China Braces for H1N1 Pandemic Fallout

The has categorized the H1N1 flu outbreak as a pandemic. Amidst the health concerns and quarantine problems is another alert — the economy. Tourism, retail, entertainment, and trade are expected to be among those affected the most. From Shan Juan, Zhang Ran, Xin Dingding and Jiang Wei from China Daily:

Gao Yaosong, director of the Shanghai Research Institute of International Economy and Trade, agreed the pandemic alert will deal a big blow to exports and imports, turning matters from bad to worse.

A series of restrictions will be imposed on the movement of both people and goods, making it difficult for trade delegates to overseas freely, he said.

“The news is the last thing we want to hear,” said Zhang Qingzhu, marketing manager of China Comfortable Travel Services in Beijing.

“The government might adopt stricter policies on travel, but what is worse is that people will have greater fear about travel. It will be a devastating blow for tour operators,” she said.

Meanwhile, frustrations are mounting over the strict and often arbitrary measures. James Fallows has posted the letter of a quarantined Chinese with U.S. citizenship, in an entry titled “Journal of the Quarantine Year.” Incidentally, the writer was on the same flight as New Orleans mayor Jim Nagin. Nagin was also quarantined, and just released yesterday:

I am now sitting by myself in a room, in a building full of other “suspected” H1N1 patient. I can use the internet, the phone and watch but there is a lock on the front door and I’m not allowed to leave my room or talk to the other “guests”. Three dressed in full gear deliver food to me three times a day (7:30, noon and 5:30 pm) and I get my temperature taken too. They confiscated my passport but there are plenty of posters and pamphlets everywhere describing precautions and horror that is H1N1.

The funniest part about all of this? I don’t have H1N1. Although the people here refuse to answer most of my questions, I was given an English document from the government describing proper procedure for the quarantine. I quote, from the section “When will you be free to leave”

“The to lift the medical observation depends on the diagnosis of the passenger with fever symptoms. If the diagnosis rules out the possibility of A H1N1 infection, you will be free to leave immediately…However, if the test report shows anything suspicious or needs another diagnosis, your time of staying here will have to be extended according to official notice…”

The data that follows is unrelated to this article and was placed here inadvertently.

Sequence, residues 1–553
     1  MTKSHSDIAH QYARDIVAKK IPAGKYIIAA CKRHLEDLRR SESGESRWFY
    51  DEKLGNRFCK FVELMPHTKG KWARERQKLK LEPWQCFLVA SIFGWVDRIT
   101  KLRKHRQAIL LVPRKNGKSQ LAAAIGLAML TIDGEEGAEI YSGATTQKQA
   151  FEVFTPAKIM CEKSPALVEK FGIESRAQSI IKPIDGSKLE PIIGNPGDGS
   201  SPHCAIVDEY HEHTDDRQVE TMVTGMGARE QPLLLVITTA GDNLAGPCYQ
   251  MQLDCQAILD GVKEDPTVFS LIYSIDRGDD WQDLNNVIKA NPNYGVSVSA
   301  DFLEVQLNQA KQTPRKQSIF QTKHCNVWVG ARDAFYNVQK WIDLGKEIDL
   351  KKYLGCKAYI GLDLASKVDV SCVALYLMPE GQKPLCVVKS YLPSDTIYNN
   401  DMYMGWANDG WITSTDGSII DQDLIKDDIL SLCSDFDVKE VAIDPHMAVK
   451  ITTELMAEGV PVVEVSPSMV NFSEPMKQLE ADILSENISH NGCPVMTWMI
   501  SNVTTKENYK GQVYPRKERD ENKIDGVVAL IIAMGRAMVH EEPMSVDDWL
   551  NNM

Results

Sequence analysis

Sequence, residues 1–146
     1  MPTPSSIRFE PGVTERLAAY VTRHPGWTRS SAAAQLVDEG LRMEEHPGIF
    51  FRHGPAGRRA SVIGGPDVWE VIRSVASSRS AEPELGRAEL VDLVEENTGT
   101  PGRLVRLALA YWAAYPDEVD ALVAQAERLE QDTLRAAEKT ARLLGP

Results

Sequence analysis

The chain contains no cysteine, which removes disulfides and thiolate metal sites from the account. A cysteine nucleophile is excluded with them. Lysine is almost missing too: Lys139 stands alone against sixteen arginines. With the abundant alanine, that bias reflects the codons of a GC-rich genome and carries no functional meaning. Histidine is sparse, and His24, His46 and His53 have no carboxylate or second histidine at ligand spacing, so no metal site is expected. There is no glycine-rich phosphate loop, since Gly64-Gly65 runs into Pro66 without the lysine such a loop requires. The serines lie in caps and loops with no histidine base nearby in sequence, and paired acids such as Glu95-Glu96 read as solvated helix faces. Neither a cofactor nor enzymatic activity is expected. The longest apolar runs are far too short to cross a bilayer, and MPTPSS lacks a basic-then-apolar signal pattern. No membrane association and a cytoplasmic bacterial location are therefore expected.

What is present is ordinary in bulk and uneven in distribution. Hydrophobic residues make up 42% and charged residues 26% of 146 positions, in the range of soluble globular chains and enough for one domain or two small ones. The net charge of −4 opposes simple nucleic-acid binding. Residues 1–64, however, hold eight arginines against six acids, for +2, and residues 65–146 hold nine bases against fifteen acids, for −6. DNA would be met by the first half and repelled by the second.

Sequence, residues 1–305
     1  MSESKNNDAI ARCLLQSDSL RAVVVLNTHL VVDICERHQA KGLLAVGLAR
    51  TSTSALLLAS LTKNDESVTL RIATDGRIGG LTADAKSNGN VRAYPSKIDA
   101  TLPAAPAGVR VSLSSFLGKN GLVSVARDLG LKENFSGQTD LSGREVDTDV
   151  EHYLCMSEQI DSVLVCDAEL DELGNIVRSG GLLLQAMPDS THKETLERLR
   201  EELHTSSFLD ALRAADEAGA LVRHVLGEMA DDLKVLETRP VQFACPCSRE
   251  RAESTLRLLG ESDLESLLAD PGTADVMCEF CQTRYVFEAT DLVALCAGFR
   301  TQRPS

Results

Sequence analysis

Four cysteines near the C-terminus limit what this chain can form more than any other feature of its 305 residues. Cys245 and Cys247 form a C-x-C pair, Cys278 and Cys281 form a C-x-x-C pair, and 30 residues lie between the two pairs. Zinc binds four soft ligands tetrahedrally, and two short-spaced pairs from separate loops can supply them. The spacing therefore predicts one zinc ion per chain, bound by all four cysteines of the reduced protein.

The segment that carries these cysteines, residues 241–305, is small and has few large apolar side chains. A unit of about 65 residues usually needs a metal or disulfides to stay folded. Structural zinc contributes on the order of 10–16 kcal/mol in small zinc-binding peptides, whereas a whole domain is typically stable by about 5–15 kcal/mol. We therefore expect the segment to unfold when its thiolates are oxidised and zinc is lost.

That is what the official government notice says. “I will be free to leave immediately,” yet when I asked the workers here about that statement, they claimed that I was misinterpreting the text. Clearly, my English skills have regressed rapidly. When I asked for a blood test, the official way to confirm whether or not I carry the virus, I was denied, “We only test people who look sick. You don’t look sick. If you develop a fever, we will test you.”

So I am still here in my hotel room, healthy but treated as if I have the . Counting down the days. One down, six more to go.

Ji Le of the blog “Eye on China” (Un oeil sur la Chine) has written about the flu containment measures in Shanghai and has also included photos. An excerpt, translated by CDT:

He approaches, ready to point his infrared gun at me. He is covered from head to toe in a white suit and a mask that reveals only his eyes. Four little red spots turn onto my neighbor. Next, it’s my turn. We’re not in an episode of “Invaders,” but have just arrived at the Pudong airport. A group of men in white raided the plane, and now surround a woman, two rows behind me. Everyone in the plane turns to look at her, and she is visibly embarrassed. Someone is possibly contaminated! The men in white discuss amongst themselves. A few questions, and then they continue down the cabin, gun in hand. It’s good. No one on board has a fever. It would have taken just one feverish passenger for us to all get quarantined.



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